But sometimes the criticism has been unfair: Romero and the Image Ten group who worked with him, were publicly shredded by the film critic Roger Ebert (who was only 24 at the time) for the gruesome scenes of Night of the Living Dead, even though the fault of what Ebert was most unhappy with – that the film had been shown to children as a Saturday afternoon matinee session – lay with the distributor for not properly advising cinema owners, and the cinema owners for not properly scheduling it (they only needed to have a look at the naked woman on the lobby poster to know that it wasn’t suitable for children!).¹
Even with a proper ratings system in place by the 1980s, John Carpenter was still called a “pornographer of violence” for the special effects of The Thing; and a young Sam Raimi was dragged off to a UK court to answer obscenity charges for The Evil Dead, for which the charges were later dropped.
But this low-opinion of horror has also meant that thoughtful and well-meaning directors like Romero have been able to fly under the radar with what would otherwise be considered controversial ideas. It wasn’t until the French began to look at Night of the Living Dead that its other qualities began to emerge: here was an independently made film that had cast an African-American as its lead, the most sane and rational character of the story; and although he was to be killed off at the end of the film, this was without a doubt, a landmark in American filmmaking.²
Despite these public skirmishes, horror, at the end of the day, has always occupied a pretty small niche. It may have had some incredible high points like the Universal monster movies of the thirties and the Stephen King-led siege of the late seventies, early eighties; but really, when you scratch the surface and look behind it, there are only a few lasting names, and very few people who have dedicated their lives to it – to writing about it critically, and supporting it through publishing.
When literary people have turned their attention to it and tried to do something within the genre, they’ve always seemed to miss the point. Horror is one of those things that is a mood and an emotion, and usually a preoccupation with someone who has chosen to write in that particular field. H. P. Lovecraft understood this of Edgar Allan Poe, when Lovecraft wrote in his Supernatural Horror in Literature that Poe “saw clearly that all phases of life and thought are equally eligible as subject matter for the artist, and being inclined by temperament to strangeness and gloom, [he] decided to be the interpreter of those powerful feelings.”
Horror might seem to be something “less-than-literary”, but it is impossible to just alight on it, and create something of lasting value, without first caring about it in some way.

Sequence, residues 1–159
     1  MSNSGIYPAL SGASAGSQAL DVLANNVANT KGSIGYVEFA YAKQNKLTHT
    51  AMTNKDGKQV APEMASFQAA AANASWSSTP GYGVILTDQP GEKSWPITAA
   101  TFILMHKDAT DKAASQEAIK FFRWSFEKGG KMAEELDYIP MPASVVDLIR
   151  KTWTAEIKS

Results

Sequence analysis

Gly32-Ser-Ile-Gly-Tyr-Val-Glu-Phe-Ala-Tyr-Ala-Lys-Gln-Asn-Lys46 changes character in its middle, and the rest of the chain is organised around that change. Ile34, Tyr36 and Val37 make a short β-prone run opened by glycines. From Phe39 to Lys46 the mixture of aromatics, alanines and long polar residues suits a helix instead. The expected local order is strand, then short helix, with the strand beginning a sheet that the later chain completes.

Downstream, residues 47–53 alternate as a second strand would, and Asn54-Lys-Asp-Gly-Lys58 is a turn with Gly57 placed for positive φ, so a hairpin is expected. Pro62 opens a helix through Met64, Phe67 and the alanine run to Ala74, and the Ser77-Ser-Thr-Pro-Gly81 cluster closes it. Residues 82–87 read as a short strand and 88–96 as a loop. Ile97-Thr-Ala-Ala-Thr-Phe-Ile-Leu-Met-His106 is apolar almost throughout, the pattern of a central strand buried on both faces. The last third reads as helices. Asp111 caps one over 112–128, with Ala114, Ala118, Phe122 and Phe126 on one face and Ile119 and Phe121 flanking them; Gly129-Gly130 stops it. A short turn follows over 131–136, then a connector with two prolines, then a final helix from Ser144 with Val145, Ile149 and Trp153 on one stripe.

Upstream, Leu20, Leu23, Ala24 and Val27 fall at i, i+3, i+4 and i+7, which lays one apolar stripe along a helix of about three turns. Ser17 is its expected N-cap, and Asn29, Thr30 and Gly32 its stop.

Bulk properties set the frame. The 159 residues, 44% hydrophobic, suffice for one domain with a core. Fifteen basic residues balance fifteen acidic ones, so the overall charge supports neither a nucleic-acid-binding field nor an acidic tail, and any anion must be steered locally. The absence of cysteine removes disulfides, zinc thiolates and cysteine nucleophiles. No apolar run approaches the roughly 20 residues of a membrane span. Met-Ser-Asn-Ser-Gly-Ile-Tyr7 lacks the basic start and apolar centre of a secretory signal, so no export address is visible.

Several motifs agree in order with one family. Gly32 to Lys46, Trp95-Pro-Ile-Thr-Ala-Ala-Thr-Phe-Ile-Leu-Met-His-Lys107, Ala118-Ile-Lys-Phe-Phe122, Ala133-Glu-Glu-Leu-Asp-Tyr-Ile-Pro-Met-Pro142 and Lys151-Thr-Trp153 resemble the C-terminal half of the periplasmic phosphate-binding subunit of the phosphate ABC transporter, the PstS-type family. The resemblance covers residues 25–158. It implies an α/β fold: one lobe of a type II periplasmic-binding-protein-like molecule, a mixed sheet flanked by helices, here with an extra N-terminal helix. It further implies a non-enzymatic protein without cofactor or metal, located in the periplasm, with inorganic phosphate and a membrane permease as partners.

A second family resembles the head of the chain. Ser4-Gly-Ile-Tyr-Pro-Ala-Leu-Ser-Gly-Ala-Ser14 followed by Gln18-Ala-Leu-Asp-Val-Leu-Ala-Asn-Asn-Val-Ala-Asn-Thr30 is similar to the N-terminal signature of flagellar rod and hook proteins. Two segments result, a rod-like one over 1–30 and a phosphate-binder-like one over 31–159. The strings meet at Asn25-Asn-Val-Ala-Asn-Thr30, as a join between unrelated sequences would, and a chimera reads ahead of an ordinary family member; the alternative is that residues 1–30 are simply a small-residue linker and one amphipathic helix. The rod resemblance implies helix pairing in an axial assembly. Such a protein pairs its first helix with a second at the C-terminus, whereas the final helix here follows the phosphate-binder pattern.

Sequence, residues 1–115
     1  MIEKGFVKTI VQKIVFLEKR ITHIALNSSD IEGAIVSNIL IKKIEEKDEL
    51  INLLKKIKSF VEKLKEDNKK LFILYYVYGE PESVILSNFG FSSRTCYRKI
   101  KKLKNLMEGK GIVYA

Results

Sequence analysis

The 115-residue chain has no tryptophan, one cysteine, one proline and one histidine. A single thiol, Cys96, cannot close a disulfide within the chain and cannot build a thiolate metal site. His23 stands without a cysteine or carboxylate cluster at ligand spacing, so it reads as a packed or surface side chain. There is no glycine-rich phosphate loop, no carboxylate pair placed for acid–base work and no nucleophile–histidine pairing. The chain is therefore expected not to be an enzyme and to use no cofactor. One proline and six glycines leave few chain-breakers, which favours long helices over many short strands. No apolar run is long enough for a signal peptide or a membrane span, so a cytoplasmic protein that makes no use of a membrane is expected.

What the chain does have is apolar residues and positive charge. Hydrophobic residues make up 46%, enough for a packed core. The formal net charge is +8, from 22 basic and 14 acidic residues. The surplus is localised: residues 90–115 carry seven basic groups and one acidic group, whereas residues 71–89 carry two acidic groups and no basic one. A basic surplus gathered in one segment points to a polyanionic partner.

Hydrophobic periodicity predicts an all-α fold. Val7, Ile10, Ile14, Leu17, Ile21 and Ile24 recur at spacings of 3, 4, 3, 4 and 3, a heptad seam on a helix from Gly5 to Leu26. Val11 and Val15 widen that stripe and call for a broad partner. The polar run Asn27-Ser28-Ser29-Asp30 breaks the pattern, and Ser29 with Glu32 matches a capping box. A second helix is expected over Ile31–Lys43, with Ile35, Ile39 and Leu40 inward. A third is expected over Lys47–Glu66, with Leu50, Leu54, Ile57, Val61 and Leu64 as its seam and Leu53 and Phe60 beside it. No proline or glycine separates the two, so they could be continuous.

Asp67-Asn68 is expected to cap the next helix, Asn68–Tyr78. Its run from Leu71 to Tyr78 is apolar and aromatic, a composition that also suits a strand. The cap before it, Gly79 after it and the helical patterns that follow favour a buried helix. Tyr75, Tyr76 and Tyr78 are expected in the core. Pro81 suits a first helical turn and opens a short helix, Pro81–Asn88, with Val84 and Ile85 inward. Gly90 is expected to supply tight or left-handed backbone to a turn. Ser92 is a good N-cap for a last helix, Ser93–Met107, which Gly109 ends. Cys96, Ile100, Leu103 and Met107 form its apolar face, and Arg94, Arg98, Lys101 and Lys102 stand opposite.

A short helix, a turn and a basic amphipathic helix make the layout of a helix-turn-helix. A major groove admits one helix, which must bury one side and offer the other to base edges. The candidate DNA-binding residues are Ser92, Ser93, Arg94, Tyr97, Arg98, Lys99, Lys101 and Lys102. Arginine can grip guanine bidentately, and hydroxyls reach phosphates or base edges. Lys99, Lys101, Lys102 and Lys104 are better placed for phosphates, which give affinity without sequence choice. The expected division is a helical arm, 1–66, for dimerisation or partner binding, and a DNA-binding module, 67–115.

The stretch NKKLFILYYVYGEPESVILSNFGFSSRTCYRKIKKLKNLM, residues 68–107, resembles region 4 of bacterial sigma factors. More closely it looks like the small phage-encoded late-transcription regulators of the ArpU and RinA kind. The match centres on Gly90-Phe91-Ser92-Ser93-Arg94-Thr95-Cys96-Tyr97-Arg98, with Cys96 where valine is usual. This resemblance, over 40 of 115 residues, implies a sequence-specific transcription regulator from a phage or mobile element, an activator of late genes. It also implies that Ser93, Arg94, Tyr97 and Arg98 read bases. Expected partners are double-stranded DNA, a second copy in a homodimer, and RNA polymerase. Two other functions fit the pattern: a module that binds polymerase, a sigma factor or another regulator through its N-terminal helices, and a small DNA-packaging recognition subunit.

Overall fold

But for the general public, there are good reasons why they still enjoy horror films, and in particular, zombies. Everybody of a certain age is nostalgic about films like Return of the Living Dead that they had watched as teenagers at parties – for others, it might be the whole Saturday morning Thriller experience of trying to nail that zombie arm sway in one of the great film clips of last century. Either way, it’s nice to watch a horror film that taps into some part of your childhood, and this was a large part of the success of Shaun of the Dead.
But the problem now with zombies in particular, is that they have been devalued through overuse, and rather than satirising elements of society, like they once did, they are now only capable of sending up themselves and the clichés of the genre; and a monster losing its fearsomeness is as bad as the Mona Lisa losing her smile.
But this seems to be the fate and curse of all monsters: it happened to the original Universal Studio monsters – Frankie, Count Dracula, the Mummy, and the Wolf Man, when in the 1960s, American TV networks, searching for cheap content, snapped up all these original films from the thirties to repackage and show them as the Saturday Night “Creature Feature.” Fortunately for the parents of the kids watching these movies, the old world settings of Transylvanian castles, black and white monsters, and gypsy curses seemed a bit too silly to be frightening, and in its place, a kind of warmth and nostalgia built up around the monsters in the form of model-kits and later seventies cartoons like Scooby Doo and Groovy Goolies.
This hasn’t quite happened to zombies yet, but it is on the way. They are still popular: – if anything, there has been more TV series and films about them in the last ten years than at any other time; but without anyone really innovating or subverting the mythology in any great way (including Romero himself), outside of a few minor tweaks.
And maybe this has become an impossible task, anyway, with all the variations – friendly zombies, Nazi zombies, zombie animals, zombies that run, slow-poke zombies, zombies that ask for brains, zombies that don’t – having been explored.
Because lets face it, they’ve been through the mill – from poor, spell-bound slaves laboring in Haitian fields, to the harbingers of an all out apocalypse. Maybe its time that their spell be broken, and they be released from their fright duties, so they can finally have that well-deserved rest they’ve been hankering for.
1. Coincidentally, the modern rating system that we are familiar with today came out a month after Night of the Living Dead was released. Romero has acknowledging in interviews that had his film come out after the introduction of the rating system, Night of the Living Dead might not have attained the success that it did.
2. The French have always been an ally to the offbeat side of American culture. They were the first to appreciate the literary talents of Edgar Allan Poe, and the first to formally recognise the artistic value of “film noir” movies, coining the term for it.